We can share the “hard.”

I’m trying to recover from a writing injury. This is a slow process. At first, I didn’t realize what kind of injury I had sustained. I thought maybe I had hyperextended my creative muscle and sprained my imagination.

I tried healing my injury by feeding it rich nourishing stories, but I couldn’t get it back to a normal functioning level.

Then I thought, maybe I have just fractured my ability to use words. Perhaps, in the endless search for the correct combination of verbs and adjectives I had hit the grammar bank too hard. I was forced to limp along with only basic word usage. I had to walk my written thoughts forward instead of running them along.

Plus, I became over coached. I received too much advice about what was wrong with my form. I kept changing my writing gait until I was unable to move forward at all. In an effort to improve what I had already completed, I changed the essence of what I had created.

My story was killed.

My efforts were diminished.

My belief in my ability to produce was crushed.

At the same time, I’m also trying to recover from a running injury. Why, I wonder, are these two activities so firmly linked together for me? Perhaps, without the opportunity to push oxygenated blood through my brain via exercise, I don’t have the power to create original thought.

The running injury was a stress fracture that refused to heal for six months. For six months I couldn’t produce a run, and for the same amount of time I have been unable to produce words. I consulted with doctors about my leg. I was once again told that maybe, a woman of my age, should really be thinking about abandoning running for swimming.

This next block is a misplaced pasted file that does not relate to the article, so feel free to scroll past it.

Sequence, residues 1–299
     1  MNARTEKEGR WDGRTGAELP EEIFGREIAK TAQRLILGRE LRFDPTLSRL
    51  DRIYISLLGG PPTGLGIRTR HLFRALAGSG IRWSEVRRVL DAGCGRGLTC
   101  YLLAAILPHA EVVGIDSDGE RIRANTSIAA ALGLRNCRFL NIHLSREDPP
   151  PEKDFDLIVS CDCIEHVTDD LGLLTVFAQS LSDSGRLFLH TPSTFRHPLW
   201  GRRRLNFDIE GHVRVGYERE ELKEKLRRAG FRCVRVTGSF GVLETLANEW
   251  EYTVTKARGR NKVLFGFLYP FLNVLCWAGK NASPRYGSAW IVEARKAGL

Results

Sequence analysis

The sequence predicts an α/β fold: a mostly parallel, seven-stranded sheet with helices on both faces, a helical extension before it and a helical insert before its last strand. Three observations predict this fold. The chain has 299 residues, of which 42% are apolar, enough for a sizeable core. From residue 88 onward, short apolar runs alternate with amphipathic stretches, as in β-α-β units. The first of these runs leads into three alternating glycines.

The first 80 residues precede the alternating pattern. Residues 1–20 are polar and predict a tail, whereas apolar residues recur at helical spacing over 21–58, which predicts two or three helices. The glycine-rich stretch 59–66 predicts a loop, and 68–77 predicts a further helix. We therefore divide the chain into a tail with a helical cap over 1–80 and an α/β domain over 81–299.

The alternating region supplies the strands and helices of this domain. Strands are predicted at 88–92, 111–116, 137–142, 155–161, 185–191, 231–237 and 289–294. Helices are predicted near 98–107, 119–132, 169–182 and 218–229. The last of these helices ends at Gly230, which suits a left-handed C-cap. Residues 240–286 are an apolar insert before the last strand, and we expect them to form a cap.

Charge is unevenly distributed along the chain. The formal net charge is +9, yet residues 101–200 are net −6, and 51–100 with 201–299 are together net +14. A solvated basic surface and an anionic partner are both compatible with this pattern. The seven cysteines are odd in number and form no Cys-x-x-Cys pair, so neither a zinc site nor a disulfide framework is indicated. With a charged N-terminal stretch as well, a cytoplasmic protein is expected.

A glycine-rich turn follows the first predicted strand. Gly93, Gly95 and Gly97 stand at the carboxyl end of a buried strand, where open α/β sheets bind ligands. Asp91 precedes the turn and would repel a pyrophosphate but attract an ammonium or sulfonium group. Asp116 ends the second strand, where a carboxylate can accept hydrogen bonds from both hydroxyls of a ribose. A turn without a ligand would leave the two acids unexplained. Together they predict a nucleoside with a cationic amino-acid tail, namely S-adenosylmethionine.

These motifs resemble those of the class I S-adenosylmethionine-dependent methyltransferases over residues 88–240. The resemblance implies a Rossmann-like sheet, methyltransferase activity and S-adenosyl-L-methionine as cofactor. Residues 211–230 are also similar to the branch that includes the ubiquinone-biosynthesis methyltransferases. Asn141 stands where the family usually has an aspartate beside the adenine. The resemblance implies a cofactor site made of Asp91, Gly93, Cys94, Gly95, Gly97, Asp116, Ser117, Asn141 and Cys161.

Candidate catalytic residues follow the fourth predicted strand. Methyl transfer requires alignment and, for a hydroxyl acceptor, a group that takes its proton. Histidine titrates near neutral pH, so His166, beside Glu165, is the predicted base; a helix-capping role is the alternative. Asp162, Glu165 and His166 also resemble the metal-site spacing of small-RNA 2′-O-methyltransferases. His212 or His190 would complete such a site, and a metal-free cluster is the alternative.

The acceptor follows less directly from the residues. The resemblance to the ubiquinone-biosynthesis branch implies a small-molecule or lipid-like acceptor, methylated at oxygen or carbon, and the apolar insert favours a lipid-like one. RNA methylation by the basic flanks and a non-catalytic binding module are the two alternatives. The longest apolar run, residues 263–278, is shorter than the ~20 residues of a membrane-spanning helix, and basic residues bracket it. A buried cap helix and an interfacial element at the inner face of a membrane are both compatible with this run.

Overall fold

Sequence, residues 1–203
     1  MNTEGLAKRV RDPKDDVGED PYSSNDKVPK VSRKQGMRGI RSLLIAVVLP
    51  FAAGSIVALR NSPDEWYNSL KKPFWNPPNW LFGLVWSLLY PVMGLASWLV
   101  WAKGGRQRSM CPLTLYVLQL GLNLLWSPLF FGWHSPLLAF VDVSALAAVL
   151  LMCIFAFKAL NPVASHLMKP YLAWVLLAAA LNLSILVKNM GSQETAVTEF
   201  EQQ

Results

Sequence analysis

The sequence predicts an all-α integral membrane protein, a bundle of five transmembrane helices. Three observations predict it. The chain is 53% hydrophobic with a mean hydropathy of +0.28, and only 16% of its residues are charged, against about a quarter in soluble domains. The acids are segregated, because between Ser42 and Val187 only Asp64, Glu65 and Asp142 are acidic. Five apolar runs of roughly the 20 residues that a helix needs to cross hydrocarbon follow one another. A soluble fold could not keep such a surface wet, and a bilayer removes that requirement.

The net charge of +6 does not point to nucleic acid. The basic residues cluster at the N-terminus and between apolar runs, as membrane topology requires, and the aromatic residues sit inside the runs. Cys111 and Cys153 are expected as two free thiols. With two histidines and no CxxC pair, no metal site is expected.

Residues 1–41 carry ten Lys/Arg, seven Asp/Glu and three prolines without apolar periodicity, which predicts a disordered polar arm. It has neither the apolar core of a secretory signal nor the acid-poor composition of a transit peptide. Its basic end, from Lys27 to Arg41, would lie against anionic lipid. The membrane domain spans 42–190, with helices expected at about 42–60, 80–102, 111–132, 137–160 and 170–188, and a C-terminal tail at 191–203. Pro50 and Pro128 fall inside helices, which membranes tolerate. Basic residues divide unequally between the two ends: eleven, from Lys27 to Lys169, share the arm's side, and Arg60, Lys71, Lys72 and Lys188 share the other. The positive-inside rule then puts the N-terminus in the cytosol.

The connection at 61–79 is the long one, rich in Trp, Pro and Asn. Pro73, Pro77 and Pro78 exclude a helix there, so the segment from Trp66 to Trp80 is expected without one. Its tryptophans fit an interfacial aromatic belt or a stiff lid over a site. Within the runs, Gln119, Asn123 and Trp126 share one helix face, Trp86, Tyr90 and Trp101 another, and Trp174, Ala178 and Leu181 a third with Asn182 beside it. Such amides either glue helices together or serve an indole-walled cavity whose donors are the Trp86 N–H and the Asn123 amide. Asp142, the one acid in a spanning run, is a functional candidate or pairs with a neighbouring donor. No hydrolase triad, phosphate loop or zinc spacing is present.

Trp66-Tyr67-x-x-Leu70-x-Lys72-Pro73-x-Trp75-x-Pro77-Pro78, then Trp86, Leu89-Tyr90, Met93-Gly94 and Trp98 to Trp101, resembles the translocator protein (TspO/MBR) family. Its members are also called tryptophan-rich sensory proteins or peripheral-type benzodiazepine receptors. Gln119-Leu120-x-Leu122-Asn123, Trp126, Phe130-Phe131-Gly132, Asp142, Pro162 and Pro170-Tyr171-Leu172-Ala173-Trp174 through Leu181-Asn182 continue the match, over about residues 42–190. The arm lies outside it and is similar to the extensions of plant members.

There’s nothing wrong with swimming. Except for the water. Which makes you wet. Plus there’s the trauma of wearing a bathing suit. And pool hair. And chlorine.

Since I am apparently destined to continue to suffer from running injuries I’ve decided to design a tee shirt to wear at future doctor appointments. I have several ideas:

Don’t tell me to just swim” on the front, “And I won’t tell you to just relax” on the back.

Or maybe, “There is no scenery in swimming.”

Or possibly in an effort to be clear about my feelings, “Swimming…it’s NOT the same as running.

In September when I fractured my leg I thought it would recover in about six weeks – a reasonable time frame if I stayed off of it and was careful.

In October I went to New York to meet a series of literary agents and editors who were prepared to provide feedback on my recently completed manuscript.

I was excited. I bought new clothes. I got a haircut. I practiced my pitch in front of the mirror. I chose a pump up song. I was ready to rock and roll.

And I killed it! I did great! I sold myself, my story, my concept.

And I failed anyway. I did my best, but I sustained this writing injury.

Plus, a running injury.

I am finally recovering.

I can’t believe how hard it is to come back from this stuff. I can’t believe I haven’t learned this by now.

I’ve started out slowly running again. Slow, slow, slow. But the action of powering myself forward with my own legs, lungs and heart have once again proven to be the necessary stimulus to sit back down at my keyboard.

I can once again be found on the path across the street from my house. I lace up my running shoes, don my currently tight running clothes and propel myself along. I experience the freedom of moving myself through space.

And I can still be here. Sitting at my keyboard and sharing my thoughts.

Maybe it only matters to me, or maybe you can see parallels to your own story.

It is hard when you keep getting hurt. It is harder to get up each time. Harder to heal those fractures. Harder to take those filaments of story and try to reweave them once again into a better story.

It is just hard.

Right now there is a lot of hard .

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